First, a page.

Low euro exchange rate
In the Euro Zone, the top 10 customers of flowers and plants from the Netherlands, who have a market share of 82%, showed little growth. The decreases in Germany (-4.4% to € 935 million), Belgium (-1% to € 128 million) and the remarkably large decrease in Austria (-19% to € 73 million, particularly in recent months) were not compensated by the increases in France (+ 14% to € 398 million) and Italy (+ 5.6% to € 142 million). In the non-euro countries, in the top 10 was the decline in Russia (-25% to € 102 million), however this was more than offset mainly by the UK (+ 18% to € 507 million) and Poland (+ 11.5% to € 107 million) and to a lesser extent by Switzerland (+ 3.9% to € 103 million) and Sweden (+ 1.6% to € 90 million). The non-euro countries in the top 10 accounted for a total growth of 7%. In the more than 100 countries outside the top 10, Dutch exporters achieved an average growth of almost 9%. In the top 10, the euro countries saw a growth of 3% up to June 2014, in the non-euro countries, half of them increased and the export sales to other countries shrank by 3%. ''Distribution of exports for the Dutch sector has always been very important,'' emphasizes commercial director Gert-Jan Schoneveld from Hilverda De Boer. ''That's why we are always investing more and more in even more diversification,'' adds director Hein Schreurs of Premier & Blenheim.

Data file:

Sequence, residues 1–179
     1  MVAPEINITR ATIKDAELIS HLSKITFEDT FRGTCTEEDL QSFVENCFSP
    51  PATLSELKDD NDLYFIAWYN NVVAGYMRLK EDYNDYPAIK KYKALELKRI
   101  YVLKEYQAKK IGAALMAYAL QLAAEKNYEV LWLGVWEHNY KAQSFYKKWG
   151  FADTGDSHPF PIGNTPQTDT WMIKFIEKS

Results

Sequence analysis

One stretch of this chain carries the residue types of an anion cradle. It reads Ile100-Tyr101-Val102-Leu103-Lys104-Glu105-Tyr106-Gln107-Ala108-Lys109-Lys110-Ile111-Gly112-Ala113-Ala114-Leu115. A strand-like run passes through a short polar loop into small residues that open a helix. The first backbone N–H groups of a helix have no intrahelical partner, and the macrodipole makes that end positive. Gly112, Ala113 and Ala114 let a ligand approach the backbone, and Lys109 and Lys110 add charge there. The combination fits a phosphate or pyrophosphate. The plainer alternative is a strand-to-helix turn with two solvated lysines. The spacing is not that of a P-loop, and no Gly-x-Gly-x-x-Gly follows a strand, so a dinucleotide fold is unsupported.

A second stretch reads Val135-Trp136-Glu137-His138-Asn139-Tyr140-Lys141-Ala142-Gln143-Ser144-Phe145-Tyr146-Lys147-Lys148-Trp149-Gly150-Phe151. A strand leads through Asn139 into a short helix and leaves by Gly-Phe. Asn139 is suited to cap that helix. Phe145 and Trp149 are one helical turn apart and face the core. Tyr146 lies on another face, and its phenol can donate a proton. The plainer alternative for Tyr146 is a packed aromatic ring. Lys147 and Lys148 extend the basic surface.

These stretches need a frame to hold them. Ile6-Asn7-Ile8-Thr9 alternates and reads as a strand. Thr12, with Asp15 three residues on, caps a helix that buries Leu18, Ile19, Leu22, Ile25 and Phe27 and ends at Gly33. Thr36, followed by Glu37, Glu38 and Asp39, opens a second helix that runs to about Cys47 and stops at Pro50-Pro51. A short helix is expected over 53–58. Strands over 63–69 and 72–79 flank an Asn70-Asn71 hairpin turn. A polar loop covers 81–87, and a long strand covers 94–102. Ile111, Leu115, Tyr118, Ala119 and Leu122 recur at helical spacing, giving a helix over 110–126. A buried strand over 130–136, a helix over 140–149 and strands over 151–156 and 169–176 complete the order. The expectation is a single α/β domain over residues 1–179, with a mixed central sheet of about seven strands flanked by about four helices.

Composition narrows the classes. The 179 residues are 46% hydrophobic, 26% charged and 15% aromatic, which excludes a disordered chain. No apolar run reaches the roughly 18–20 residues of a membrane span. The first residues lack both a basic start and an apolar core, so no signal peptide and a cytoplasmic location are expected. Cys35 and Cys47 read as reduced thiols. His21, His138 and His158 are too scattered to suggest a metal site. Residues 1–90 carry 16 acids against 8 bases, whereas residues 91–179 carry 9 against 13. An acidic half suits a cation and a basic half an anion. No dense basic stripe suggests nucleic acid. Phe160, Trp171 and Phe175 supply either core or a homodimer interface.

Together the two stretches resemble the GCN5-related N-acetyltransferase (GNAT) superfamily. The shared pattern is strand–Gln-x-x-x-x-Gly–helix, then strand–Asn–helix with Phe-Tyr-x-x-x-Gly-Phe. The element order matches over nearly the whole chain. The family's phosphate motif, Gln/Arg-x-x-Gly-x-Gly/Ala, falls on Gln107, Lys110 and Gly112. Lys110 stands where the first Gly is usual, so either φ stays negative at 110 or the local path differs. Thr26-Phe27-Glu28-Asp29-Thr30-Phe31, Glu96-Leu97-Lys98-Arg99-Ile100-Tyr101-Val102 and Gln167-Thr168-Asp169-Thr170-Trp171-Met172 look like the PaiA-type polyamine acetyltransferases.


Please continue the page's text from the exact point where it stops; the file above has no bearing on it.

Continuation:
Schoneveld has moderate optimism for the second half of the year. 'Emerging markets can make up for losses in other markets. In the averages, we see a stabilization, the occasional large fluctuations are tricky to explain.'' Janmaat is more optimistic for the second half of this year and the start of 2016. ''In the supermarket channel, we are growing faster than the market average in both flowers and plants. The shift from wholesale to retail is still ongoing. Therefore we buy almost 100% directly from the growers and the working relationship with them is getting better. It also offers possibilities for market expansion,'' is his vision. Illustrative of this is the growth in England, but this has also been propped up by the high exchange rate of the British pound. Most of the flowers and plants from the number two customer of flowers and plants from the Netherlands are sold through the retail channel. Also, the growth in France is attributed to the retail market, in connection with the decline in the local production. ''French floriculture and traders lack the organizational capacity to respond to the retail market. The Netherlands can do that, due to their flexible logistics, the availability of a broad and detailed range and the development of new concepts,'' the VGB reports on the basis of a market expert.